The novel features of the present invention are set forth with particularity in the appended claims. The present invention, both as to its organization and mannor of operation together with objects and advantages thereof, may best be understood by way of illustration and example of certain embodiments when taken in conjunction with the accompanying drawings, in which:

FIG. 1 is a cross-sectional view of one embodiment of an overshot and a fishing neck of the present invention;

FIG. 2 is a cross-sectional view of an alternate embodiment of an overshot and a fishing neck; and

FIG. 3 illustrates a typical bridge plug as it is being released by an overshot such as depicted in either FIG. 1 or FIG. 2.

Turning now to FIG. 1, a tubular overshot is shown in position on a fishing neck 101 extending from the upper end of an upright body of a well tool such as the mandrel 102 of a conventional bridge plug (not shown). As is customary, lateral ports 103 are provided through the mandrel 102 at the upper end of an axial bore 104 extending through the mandrel. A slidable valve member 105 over these equalizing ports is arranged to be opened whenever the bridge plug is being traversed through a fluid-filled well bore to enable fluids in the well bore to flow freely through the mandrel bore 10% rather than being forced through the constricted annular space between the casing and the retracted packing means (not shown). Inasmuch as the fishing neck and overshot of the present invention may be employed with any conventional retrievable bridge plug, it is believed unnecessary to devote further attention to the details of the bridge plug.

An enlarged diameter portion 106 at the upper end of the fishing neck 101 forms a downwardly directed annular shoulder around which a plurality of downwardly facing rectangular clutch teeth 107 are cut, A rotatable coupling or tubular member 108 is slidably mounted around a reduced-diameter central portion 109 of the fishing neck 101. A plurality of upwardly facing complementary clutch teeth 110 cut around the upper end of the tubular member 108 are arranged to meshingly engage the downwardly directed clutch teeth 107 whenever the tubular member is in the uppermost position.

A compression spring 111 is engaged between an upwardly facing shoulder 112 formed at the lower end of the reduced diameter portion 109 of the fishing neck 101 and a downwardly directed, internal shoulder 113 on the tubular member 108 to bias the tubular member upwardly and keep the teeth 107, 110 normally co-engaged. It will be appreciated, of course, that a downwardly directed force on the tubular member 108 of sufiicient magnitude to overcome the biasing effect of the spring 111 will shift the tubular member downwardly to disengage the clutch teeth 107, 110 and allow the tubular member to freely rotate relative to the fishing neck 101.

J-slots 114 formed on opposite sides of the tubular member 108 are cooperatively arranged to receive J-pins 115 projecting inwardly from the central portion of the overshot 100. A plurality of cutting teeth 116 around the lowermost end of the overshot 100 are suitably arranged for cutting away accumulated debris in the manner previously desscribed.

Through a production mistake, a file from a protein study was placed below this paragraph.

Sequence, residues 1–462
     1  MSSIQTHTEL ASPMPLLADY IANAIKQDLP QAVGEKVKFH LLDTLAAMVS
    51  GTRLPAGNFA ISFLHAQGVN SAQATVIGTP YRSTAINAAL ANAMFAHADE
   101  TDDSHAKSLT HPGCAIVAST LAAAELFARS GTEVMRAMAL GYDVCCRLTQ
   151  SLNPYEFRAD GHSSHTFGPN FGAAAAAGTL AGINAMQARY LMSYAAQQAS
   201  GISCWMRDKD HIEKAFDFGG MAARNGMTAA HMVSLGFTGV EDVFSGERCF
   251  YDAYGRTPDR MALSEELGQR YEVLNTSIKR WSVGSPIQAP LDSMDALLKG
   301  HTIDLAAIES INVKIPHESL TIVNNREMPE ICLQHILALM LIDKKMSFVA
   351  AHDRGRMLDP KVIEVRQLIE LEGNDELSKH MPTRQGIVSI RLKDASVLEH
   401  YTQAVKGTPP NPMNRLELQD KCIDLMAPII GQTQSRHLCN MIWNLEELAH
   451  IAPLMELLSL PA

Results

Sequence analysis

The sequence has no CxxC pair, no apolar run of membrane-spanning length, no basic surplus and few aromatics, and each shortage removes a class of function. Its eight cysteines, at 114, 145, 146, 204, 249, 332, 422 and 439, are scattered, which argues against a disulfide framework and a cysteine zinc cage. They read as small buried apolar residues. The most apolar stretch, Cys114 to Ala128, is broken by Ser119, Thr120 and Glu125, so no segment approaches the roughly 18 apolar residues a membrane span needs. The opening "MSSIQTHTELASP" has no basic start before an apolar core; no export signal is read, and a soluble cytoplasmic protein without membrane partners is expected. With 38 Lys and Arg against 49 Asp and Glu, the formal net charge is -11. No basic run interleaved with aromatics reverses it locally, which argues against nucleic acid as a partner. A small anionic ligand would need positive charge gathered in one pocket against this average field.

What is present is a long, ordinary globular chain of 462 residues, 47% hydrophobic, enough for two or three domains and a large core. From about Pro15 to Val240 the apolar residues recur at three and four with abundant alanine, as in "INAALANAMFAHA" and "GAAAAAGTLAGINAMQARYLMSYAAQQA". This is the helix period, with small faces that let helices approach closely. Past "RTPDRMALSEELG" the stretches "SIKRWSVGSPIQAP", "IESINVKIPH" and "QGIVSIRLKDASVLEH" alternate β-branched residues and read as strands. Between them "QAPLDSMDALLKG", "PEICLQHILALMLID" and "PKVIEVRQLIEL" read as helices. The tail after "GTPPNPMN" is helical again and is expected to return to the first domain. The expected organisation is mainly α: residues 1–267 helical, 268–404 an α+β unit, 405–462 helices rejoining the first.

, Thus, whenever there is debris covering the fishing neck 101, the overshot 100 is slowly rotated as it is lowered so the cutting teeth 116 will cut away the accumulated debris. As the overshot 100 begins telescoping over the fishing neck 101, the J-pins 115 will engage the upwardly diverging surfaces 117 of the J-slots 114 and urge the tubular member 108 downwardly against spring 111 to disengage the clutch teeth 107, 110. So long as the tubular member 108 is held in this downward position, the overshot 100 can be freely rotated around the fishing neck 101 thereby enabling the cutting teeth 116 to continue cutting away the accumulated debris.

Once the debris has been sufiiciently cut away to allow the J-pins 115 to reach the bottom of the J-slots 114, the clutch teeth 107, 110 are then re-engaged whenever the overshot 100 is picked up to bring the l-pins into the closed portion 118 of the J-slots to releasably secure or interlock the tubular member 108 with the overshot 100. Thereafter, torque may be applied to the bridge plug mandrel 102 in either direction through the engaged clutch teeth 107, 110. Moreover, with the ]-pins 115 in the closed portion 118 of the J-slots 114, the mandrel 102 may be shifted longitudinally in either direction by a corresponding movement of the overshot 100. Accordingly, it will be appreciated that regardless of whatever motion is necessary to retract the bridge plug, the overshot 100 may be manipulated as required to transmit either rotative or longitudinal motion to the mandrel 102 of the bridge plug.

The slidable valve member 105 is operatively arranged around the upper end of the mandrel 102 to be shifted upwardly from its position as shown in FIG. 1 to cover the radial ports 103 in the mandrel. O-rings 119 fluidly seal the valve member 105 around the mandrel 102 above and below the radial ports 103 to block fluid communication through the ports whenever the valve member is shifted upwardly to its closed position.